George Washington is best known for setting the precedent of a two-term limit for American presidents, but he created other patterns later presidents followed as well. For example, he carefully organized his day so he could fulfill all the roles he had as President, and he created the precedent for presidents governing from an office at their homes as well as from the White House.Continue Reading
As the United States of America's first president, George Washington was conscious that his actions would set the precedent for all his successors. For this reason, he was careful to correct what he believed were earlier mistakes by the presidents of the Confederation Congress, the interim governing body of the rebelling colonies. He started by banning social visits from the first part of the Presidential day, according to the Mount Vernon Ladies' Association website. Business and meetings involving governance came first, during which he met with his cabinet heads, creating another precedent. Diplomatic visits and social events were held only in the afternoons and evenings. When he chose to return to Mount Vernon for periodic extended stays, Washington also made it acceptable for presidents to retreat to their homes and govern.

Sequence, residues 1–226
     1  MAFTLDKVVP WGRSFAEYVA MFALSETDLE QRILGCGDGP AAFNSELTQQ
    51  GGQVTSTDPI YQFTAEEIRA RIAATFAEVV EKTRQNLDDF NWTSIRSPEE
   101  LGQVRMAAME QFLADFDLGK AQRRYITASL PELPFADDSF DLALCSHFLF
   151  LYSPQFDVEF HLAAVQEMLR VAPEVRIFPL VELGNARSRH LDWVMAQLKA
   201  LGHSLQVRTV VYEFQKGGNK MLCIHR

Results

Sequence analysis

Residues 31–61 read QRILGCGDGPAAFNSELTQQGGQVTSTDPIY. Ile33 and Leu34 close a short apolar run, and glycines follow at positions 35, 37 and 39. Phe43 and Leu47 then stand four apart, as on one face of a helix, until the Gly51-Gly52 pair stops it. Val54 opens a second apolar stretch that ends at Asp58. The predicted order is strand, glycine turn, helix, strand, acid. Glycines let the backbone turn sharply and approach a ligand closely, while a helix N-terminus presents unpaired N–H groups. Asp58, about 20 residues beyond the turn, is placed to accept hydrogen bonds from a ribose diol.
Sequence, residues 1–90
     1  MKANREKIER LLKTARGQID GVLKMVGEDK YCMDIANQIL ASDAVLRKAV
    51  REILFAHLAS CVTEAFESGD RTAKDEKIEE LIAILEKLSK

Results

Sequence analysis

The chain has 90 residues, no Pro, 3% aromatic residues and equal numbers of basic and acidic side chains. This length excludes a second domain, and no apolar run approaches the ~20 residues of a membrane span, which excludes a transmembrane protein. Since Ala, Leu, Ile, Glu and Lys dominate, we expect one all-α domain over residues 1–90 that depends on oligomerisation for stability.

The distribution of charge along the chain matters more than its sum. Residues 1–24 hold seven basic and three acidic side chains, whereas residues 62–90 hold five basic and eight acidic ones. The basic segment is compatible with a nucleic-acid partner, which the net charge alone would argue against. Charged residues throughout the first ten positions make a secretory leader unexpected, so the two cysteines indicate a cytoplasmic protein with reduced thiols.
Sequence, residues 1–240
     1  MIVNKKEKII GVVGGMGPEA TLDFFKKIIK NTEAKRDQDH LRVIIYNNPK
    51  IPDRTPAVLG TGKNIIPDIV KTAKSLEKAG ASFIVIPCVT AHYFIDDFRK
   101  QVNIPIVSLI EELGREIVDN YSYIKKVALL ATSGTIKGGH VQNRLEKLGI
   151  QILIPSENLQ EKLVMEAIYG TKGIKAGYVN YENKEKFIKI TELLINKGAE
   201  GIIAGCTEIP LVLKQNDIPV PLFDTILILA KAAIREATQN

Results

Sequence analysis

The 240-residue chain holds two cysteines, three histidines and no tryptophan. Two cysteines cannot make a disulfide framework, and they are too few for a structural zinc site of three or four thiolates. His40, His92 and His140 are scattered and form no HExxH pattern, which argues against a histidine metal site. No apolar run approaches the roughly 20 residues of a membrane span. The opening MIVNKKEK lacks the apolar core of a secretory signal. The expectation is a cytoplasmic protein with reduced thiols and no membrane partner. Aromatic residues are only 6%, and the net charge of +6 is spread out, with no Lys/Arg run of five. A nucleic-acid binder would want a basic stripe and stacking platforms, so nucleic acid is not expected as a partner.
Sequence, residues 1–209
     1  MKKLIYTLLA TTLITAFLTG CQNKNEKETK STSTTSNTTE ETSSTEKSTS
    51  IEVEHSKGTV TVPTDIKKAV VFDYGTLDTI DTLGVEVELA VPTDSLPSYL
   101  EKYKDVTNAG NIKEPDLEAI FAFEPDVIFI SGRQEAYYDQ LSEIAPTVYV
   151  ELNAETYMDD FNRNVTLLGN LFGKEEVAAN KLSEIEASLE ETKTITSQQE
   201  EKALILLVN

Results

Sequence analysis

Because, as he stated, America needed a president and not a king, he insisted on the simple honorific "Mr. President" instead of more flowery terms like "Your Excellency" or "His Highness, the Protector of Our Liberties." This was the same reason he gave for choosing to retire at the end of only two terms, though his supporters were anxious for him to run again. Only in the 1940s, after Franklin Delano Roosevelt died during his fourth term, was this tradition enshrined in law.Learn more about US History
Washington was elected president in a unanimous vote held by the newly formed Electoral College; he took his oath of office in 1789 and established various precedents that would remain influential for future presidents. Washington was so beloved after his leadership of the Continental Army during the American Revolution that his installment as president was seen as inevitable.Full Answer >
George Washington is buried at a national monument known as The Tombs. The burial tomb is located at 3200 Mt. Vernon Memorial Highway, Mt. Vernon, VA 22121.Full Answer >
George Washington Carver died of complications after a fall in his home on Jan. 5, 1943, according to A&E's Biography. The scientist was 78 years old at the time of his death.Full Answer >
George Washington Carver, an African-American inventor working for the Tuskeegee Institute, used an extract derived from sweet potatoes to make glues for postage stamps and other paper products. He became the father of modern agricultural chemistry.Full Answer >